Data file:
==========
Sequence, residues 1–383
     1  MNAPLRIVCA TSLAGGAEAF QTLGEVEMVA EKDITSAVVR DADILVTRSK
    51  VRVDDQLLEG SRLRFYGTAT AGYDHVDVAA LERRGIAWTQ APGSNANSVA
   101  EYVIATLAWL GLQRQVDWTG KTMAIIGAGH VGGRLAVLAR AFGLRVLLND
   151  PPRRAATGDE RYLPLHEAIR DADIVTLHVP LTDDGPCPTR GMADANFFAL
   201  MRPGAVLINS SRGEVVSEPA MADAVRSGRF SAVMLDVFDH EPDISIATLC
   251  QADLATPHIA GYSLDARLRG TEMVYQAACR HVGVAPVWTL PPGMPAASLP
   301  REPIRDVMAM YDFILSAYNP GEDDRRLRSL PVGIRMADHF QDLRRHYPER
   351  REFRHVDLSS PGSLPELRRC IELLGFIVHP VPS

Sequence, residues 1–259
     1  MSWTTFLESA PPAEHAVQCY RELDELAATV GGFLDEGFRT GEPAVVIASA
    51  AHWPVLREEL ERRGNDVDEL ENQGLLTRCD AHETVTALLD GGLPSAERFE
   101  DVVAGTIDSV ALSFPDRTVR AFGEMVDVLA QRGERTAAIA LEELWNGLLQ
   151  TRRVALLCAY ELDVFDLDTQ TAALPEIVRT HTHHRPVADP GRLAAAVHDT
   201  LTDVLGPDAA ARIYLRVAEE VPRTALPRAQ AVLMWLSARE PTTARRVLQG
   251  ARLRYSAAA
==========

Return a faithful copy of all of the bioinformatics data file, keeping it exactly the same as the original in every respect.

Sequence, residues 1–383
     1  MNAPLRIVCA TSLAGGAEAF QTLGEVEMVA EKDITSAVVR DADILVTRSK
    51  VRVDDQLLEG SRLRFYGTAT AGYDHVDVAA LERRGIAWTQ APGSNANSVA
   101  EYVIATLAWL GLQRQVDWTG KTMAIIGAGH VGGRLAVLAR AFGLRVLLND
   151  PPRRAATGDE RYLPLHEAIR DADIVTLHVP LTDDGPCPTR GMADANFFAL
   201  MRPGAVLINS SRGEVVSEPA MADAVRSGRF SAVMLDVFDH EPDISIATLC
   251  QADLATPHIA GYSLDARLRG TEMVYQAACR HVGVAPVWTL PPGMPAASLP
   301  REPIRDVMAM YDFILSAYNP GEDDRRLRSL PVGIRMADHF QDLRRHYPER
   351  REFRHVDLSS PGSLPELRRC IELLGFIVHP VPS

Sequence, residues 1–259
     1  MSWTTFLESA PPAEHAVQCY RELDELAATV GGFLDEGFRT GEPAVVIASA
    51  AHWPVLREEL ERRGNDVDEL ENQGLLTRCD AHETVTALLD GGLPSAERFE
   101  DVVAGTIDSV ALSFPDRTVR AFGEMVDVLA QRGERTAAIA LEELWNGLLQ
   151  TRRVALLCAY ELDVFDLDTQ TAALPEIVRT HTHHRPVADP GRLAAAVHDT
   201  LTDVLGPDAA ARIYLRVAEE VPRTALPRAQ AVLMWLSARE PTTARRVLQG
   251  ARLRYSAAA